Flying Rainbow Flag:
Drawing the Map of Gay Landscapes in Taipei City

Maurice Hong-Cheng Chang

It was the [Rousseauist] dream of a transparent society, visible and legible in each of its parts, a dream of there no longer existing any zones of darkness…, zones of disorder.[1]
The [Giuliani] policy is, in effect, a shame punishment: it stigmatizes gay meeting places and gay bookstores, requiring them to hide themselves as if everything they signify is shameful.[2] (Emphasis added)


When we visit big cities in the world, where can we find the gay bars, gay café or so-called “gay village” in the cities? Answer: follows the rainbow flags. The rainbow flag, which composes six colors to present gay spirits, now is the symbol of gay communities in the globe. Besides, each sub-cultural/fetish group in the “gay families” also obtains its own flag to represent the specific identity and solidarity. However, the rainbow flag is not flying anywhere as it could be in the cities. With the “moral/sex panic” or homophobia, the public authorities or communities intent to ignore gays exist actively or require them to hide themselves passively by using different legal instruments. In other words, the public authorities try to build a specific space for the society to “imagine” gay population. How the policies change the gay landscapes in the cities? How the space affects gay identities?

This essay will develop two hypotheses about gay spaces in cities.

First hypothesis: The boundary of gay space within an established gay area is the outer edge of that space. The boundary not only suggests margins and borderlands but also suggests permanence, stability, and fixity. The developing of Gay communities or gay neighborhoods becomes “a kind of laboratory for experimentation with alternate ways to live.” The gay space reflects the “quintessentially American” notion that people could “start all over again from scratch,” they could make new identities by reinventing themselves. Gay men and, interestingly enough, to a lesser lesbians established gay bars/restaurants, gay choruses, gay newspapers, gay churches, gay banks and so forth. The distinctive rainbow flag designed in San Francisco in 1978 and soon flying outside residences and businesses in gay ghettoes comes to mark the territory of “Queer Nation” and welcome all “immigrants” who pour in from small, less hospitable towns and rural areas around the country. The development of gay villages draws attention not only in terms of economic, but also more abstract symbolic importance. Gay communities are identified as safe havens or sites of resistance. They also offer networks of movements and assistances. However, this idea of gay villages is problematic. Boundary is associated with exclusion; it means no straights. The fixity of gay space means it is easy to be targeted. I suggest that the boundary of gay communities may not have a privileged location. The boundary as outer edge should be mobile and multiple. It is at the edge but also at the heart of the space. Its location is produced in its installation and investment. The boundary of gay space is both elsewhere and everywhere.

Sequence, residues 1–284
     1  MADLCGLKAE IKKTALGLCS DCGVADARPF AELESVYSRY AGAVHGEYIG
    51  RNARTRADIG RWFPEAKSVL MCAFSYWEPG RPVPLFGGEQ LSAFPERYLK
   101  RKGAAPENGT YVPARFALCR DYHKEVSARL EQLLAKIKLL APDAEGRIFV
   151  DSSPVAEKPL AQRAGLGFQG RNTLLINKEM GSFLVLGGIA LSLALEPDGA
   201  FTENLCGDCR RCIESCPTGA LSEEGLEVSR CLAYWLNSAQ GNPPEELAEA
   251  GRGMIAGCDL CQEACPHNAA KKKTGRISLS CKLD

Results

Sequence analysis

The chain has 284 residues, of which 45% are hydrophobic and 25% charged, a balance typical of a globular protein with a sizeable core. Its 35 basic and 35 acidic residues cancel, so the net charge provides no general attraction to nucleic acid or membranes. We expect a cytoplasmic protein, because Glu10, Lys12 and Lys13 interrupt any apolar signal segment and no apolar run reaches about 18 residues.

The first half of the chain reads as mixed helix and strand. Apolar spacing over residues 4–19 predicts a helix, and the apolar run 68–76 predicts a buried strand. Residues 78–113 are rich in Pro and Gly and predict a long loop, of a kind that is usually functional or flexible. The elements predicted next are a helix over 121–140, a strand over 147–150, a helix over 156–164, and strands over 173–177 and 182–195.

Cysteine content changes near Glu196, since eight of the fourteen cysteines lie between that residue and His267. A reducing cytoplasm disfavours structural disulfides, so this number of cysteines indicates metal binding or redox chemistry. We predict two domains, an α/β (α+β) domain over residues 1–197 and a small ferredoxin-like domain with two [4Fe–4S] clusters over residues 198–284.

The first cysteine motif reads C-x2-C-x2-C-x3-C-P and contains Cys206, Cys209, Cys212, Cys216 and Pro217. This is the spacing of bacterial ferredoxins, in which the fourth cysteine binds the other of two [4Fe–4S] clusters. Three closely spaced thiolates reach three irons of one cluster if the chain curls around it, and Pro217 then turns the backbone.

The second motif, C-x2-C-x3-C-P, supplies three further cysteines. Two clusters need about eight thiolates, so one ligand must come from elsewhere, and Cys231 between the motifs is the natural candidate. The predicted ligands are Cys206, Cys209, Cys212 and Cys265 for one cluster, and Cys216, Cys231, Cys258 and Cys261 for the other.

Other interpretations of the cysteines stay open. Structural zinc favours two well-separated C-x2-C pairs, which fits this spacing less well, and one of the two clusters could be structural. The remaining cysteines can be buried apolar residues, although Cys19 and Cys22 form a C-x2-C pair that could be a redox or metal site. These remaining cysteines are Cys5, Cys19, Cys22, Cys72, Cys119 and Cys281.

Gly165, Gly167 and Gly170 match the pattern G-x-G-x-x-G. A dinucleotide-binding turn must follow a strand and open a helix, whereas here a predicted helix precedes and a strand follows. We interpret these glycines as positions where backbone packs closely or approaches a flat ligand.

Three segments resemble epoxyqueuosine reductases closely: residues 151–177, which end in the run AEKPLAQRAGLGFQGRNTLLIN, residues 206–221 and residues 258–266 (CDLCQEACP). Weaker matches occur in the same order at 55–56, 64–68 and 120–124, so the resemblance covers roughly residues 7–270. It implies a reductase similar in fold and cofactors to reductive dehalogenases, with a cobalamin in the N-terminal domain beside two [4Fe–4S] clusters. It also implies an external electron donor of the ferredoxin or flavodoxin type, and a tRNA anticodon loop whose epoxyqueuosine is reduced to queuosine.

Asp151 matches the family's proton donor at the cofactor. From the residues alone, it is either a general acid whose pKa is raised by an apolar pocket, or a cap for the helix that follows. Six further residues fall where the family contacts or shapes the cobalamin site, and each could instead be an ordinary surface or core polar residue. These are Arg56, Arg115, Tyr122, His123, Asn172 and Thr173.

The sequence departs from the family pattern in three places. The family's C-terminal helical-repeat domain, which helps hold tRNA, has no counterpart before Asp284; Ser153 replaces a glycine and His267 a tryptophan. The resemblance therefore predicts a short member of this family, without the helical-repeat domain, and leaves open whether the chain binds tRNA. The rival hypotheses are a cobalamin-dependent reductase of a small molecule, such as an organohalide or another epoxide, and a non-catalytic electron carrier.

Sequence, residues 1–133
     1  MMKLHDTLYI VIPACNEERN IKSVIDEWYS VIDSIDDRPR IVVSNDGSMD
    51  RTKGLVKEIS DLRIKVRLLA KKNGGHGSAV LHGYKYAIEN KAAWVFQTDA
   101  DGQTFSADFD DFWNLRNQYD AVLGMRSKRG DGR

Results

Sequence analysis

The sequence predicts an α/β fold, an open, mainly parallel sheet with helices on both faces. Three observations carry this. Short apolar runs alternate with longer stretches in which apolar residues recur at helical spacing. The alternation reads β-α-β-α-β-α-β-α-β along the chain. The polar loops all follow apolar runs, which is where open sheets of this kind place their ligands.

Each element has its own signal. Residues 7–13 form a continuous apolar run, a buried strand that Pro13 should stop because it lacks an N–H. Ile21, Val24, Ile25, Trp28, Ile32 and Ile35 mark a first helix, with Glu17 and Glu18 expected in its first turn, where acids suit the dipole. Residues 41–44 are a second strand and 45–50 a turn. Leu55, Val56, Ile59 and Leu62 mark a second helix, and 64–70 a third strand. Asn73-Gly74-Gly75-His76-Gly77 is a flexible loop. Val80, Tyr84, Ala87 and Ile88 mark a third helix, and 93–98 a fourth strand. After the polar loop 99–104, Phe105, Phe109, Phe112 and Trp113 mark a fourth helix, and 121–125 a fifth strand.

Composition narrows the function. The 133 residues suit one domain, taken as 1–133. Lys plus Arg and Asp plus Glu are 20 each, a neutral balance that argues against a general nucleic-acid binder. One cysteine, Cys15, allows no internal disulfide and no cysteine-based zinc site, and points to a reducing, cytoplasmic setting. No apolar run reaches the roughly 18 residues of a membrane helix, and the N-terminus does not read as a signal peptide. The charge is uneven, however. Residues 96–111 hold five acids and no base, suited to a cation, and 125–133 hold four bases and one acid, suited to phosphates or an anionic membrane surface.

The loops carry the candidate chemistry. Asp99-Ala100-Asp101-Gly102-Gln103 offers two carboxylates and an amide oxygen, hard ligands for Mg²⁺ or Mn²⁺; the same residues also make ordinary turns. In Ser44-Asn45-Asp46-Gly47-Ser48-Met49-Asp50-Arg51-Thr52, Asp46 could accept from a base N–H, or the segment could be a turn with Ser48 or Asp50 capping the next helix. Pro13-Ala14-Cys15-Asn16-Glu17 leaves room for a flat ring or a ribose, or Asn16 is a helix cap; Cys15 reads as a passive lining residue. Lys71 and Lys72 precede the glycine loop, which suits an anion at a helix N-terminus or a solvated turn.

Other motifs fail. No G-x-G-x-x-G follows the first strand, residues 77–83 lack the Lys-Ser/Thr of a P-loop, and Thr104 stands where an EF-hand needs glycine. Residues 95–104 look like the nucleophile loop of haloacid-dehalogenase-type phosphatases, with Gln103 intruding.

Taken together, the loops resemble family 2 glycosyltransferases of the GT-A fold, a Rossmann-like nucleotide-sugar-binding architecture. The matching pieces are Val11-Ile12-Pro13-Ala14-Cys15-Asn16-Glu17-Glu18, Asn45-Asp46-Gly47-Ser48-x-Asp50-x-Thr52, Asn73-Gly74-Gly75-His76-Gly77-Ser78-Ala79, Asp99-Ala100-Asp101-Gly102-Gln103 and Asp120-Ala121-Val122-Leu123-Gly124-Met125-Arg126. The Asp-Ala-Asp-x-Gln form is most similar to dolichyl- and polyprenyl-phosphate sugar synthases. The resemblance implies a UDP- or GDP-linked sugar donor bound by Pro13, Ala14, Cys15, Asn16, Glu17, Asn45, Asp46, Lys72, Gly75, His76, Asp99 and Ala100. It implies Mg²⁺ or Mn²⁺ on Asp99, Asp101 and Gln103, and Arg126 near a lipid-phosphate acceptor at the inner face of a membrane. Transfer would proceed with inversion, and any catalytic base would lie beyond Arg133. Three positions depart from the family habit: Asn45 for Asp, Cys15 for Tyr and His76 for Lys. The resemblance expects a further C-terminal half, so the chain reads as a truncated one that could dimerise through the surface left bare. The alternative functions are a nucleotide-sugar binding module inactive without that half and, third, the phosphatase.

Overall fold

Second hypothesis: The meanings of space produced within the public/private binary, as Michael Warner noted “the politics of privatization,” make the distinction difficult not only to differentiate it from, but also to imagine, alternative spatial categories. The space of gay communities builds a boundary that has sexual dimensions between subjective bodies and objective laws. However, space that is “public,” i.e. part of publicly owned facilities and /or open access to all, is not necessarily “public” in the sense that behavior in it necessarily affects non-consenting parties. The legal and social separation of public communities and private associations, moreover, contributes to social injustice. By means of their legal autonomy, communities and associations may exclude certain kinds of people and certain kinds of activities from their borders, and reproduce and exaggerate “the inequalities between places rather than leveling” or zoning them. I will argue that, when we think about the regulation of space and conduct, the good guidance is offered by John Stuart Mill’s distinction between space/conduct that is “self-regarding,” affecting only the interests of the doer and other consenting parties, and space/conduct that is “other-regarding,” affecting the interests of non-consenting others.

Visibility of Gay Space: A Safe Haven or Attacked Target?

Lavender Paradise!
Zoning and Gay Villages/Pride Parade in the Cities

Sin City?
Gay Cruising Parks/Bathhouse/Adult Establishment and Street/Sexual Offence laws

Together in Electric Dreams?
Cyberspace and Gays Anonymous


Moran, Leslie J.. “The Queen’s Peace: Reflections on the Spatial Politics of Sexuality and Law,” in Jane Holder & Carolyn Harrison eds., Law and Geography 85-107. Oxford: Oxford University press, 2003.
Nussbaum, Martha C.. Hiding from Humanity: Disgust, Shame, and the Law. Princeton: Princeton University Press, 2004.
Foucault, Michel. “The Eye of Power,” in Colin Gordon ed., Power/Knowledge 146-.

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